Measure I passed in 2002, and the city created a joint Humane Commission and council subcommittee to search for a site, which led to “six frustrating years” of exploration and discussion.

As the city described it in 2008, “Various sites were identified and their feasibility explored but for various reasons such as cost, size and location, the Council subcommittee… rejected all sites.” The city noted five west Berkeley sites that had been considered, and outlined what it would take to build a new facility at the old Second Street site, including raising the foundation several feet, and spending $500,000 to house the animals during demolition and construction.

Then-City Manager Phil Kamlarz asked for approval at that time for construction of a new shelter up to 16,000 sq ft, noting that its size could change depending on a range of variables.

In 2008, the group chose the Aquatic Park site on Bolivar Drive. (Had council members not approved the Bolivar location, the city was seemingly out of options. Staff wrote that there was “a very high likelihood” the shelter would have had to remain, albeit rebuilt, at its Second Street location.)

By then, “After 8 years of civilian control under the City Managers office and the direct supervision of Kate O’Connor, and with greater involvement of the community, the facility became “the municipal shelter with the lowest euthanasia rate in California — under 15%.”

As of November, that number was down to 10%, said shelter director O’Connor. And unadopted animals can remain at the shelter as long as it suits them.

“As long as they’re coping, they’re good,” she said.

An aerial view of what the animal shelter used to look like. Image source: Google Maps
An aerial view of what the animal shelter site used to look like. The site used to house a building that had served as a mental health center and a catering kitchen over the years. The building started out in 1961 as a private club for the Berkeley Firefighter’s Association and was used as a gathering place for its members and by other groups for events. “City records indicate that over the years a brewpub, nightclub and private school have also occupied the building,” according to a 2008 city staff report. Image source: Google Maps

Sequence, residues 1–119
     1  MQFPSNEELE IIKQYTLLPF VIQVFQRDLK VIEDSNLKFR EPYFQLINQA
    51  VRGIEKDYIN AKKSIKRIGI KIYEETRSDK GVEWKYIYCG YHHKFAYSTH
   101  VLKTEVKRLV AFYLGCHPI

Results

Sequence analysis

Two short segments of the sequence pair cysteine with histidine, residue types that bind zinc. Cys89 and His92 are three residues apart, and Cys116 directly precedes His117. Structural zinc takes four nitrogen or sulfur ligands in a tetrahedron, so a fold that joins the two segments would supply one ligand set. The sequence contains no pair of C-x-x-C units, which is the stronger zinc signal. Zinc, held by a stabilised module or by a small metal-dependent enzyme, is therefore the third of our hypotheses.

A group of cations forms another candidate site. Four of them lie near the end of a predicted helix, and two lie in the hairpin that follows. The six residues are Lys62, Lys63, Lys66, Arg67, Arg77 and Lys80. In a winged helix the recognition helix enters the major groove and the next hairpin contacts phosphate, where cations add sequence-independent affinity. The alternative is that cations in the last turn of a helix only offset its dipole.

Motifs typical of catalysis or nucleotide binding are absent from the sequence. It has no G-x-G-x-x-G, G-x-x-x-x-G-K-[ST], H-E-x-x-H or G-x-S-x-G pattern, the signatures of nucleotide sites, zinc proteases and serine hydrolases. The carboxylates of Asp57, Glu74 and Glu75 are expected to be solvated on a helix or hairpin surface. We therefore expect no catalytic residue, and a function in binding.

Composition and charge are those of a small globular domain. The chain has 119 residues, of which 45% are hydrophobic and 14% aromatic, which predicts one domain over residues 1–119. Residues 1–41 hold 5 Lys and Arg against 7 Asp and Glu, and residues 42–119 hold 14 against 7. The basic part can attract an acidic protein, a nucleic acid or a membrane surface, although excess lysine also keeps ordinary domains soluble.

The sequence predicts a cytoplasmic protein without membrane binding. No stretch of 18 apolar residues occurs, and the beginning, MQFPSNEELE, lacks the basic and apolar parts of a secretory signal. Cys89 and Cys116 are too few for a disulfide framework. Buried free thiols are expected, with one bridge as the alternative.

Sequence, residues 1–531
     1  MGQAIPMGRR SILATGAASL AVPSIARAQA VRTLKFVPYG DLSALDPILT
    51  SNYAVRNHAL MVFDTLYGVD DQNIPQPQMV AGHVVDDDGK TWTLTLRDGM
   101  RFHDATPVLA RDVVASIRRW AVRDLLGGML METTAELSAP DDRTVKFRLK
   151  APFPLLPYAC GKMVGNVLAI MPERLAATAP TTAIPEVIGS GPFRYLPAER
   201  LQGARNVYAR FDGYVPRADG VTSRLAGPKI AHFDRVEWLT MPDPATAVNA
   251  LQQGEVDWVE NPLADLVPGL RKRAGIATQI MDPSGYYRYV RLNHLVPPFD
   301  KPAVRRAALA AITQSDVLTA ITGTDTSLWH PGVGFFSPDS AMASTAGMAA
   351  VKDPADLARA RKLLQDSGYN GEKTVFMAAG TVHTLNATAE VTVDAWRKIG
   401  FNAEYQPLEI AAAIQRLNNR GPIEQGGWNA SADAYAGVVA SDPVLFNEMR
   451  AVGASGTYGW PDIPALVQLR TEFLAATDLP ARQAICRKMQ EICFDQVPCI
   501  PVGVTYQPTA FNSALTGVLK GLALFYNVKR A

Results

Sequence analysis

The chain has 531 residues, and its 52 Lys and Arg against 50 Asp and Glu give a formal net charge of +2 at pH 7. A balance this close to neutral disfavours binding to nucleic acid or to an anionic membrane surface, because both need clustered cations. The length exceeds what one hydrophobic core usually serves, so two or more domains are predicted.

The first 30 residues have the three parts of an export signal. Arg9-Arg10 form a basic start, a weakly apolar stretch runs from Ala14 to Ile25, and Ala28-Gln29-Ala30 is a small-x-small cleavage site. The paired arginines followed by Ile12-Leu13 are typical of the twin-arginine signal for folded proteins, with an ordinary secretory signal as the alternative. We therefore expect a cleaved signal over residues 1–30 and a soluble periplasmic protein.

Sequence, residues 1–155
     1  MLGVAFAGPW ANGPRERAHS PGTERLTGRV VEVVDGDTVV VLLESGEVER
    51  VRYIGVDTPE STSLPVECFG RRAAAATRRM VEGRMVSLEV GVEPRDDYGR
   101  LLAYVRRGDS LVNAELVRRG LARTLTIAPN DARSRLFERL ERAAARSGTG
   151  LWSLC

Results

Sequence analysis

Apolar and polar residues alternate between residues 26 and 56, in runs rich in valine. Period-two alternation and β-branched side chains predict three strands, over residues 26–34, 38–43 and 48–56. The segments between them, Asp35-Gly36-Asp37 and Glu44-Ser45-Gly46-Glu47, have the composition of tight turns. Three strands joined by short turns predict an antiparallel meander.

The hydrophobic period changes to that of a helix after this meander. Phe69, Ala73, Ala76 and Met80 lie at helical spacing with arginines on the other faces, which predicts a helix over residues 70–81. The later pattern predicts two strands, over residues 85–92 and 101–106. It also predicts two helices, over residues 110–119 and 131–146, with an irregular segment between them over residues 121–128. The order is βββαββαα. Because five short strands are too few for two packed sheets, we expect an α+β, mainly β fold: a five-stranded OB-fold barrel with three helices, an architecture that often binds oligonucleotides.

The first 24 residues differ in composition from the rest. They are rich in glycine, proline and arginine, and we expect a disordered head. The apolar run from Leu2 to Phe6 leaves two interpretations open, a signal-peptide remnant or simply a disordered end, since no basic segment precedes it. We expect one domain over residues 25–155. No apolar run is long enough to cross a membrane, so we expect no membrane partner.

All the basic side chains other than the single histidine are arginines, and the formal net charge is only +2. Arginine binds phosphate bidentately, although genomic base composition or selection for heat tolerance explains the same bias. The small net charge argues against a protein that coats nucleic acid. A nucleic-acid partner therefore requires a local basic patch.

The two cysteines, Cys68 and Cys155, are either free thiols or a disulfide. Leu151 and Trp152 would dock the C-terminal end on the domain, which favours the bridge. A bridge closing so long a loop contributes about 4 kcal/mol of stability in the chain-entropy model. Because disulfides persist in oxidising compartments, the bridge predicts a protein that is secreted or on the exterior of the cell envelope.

Site causes construction complications

Construction began in August 2010 and was completed, after multiple delays, in late October 2012. Parking requirements and budgetary constraints largely dictated the capacity of the final building, including the decision not to include a third story in the design, said city staffer Nicole Kelly, assistant to the deputy city manager, via email.

Design and construction weren’t without their challenges. Due to the shape of the site, design “did take some architectural brilliance to pull off,” said manager O’Connor. (Burks Toma Architects designed the shelter. The project’s Zoning Adjustments Board history is available here.)

To strengthen the structure in light of liquefaction and seismic concerns at the site, workers installed hundreds of “geo piers” deep into the ground. The piers “are compacted rock columns that are placed in the ground through a process based on high frequency vibration.”

The presence of an existing 66-inch-diameter East Bay MUD sanitary interceptor pipeline, within a 25-foot easement, added to the complications, and required vibration monitoring throughout construction to ensure vibrations didn’t exceed reverberation levels.

“As a result of the vibration tests, the piers had to be re-designed and the method of installation changed,” said Kelly. “The City was also required to conduct an internal inspection of the line before, during and after placement of the geo piers. The overall cost increase was about $170,000,” from an estimated $228,000 to around $400,000.

The site is also located within a federally designated flood zone; a 25-foot-wide floodway easement runs along the east side of the lot, according to a 2009 city staff report. As a result, the building had to be constructed outside the floodway and at an elevation at least 1.5 feet above grade.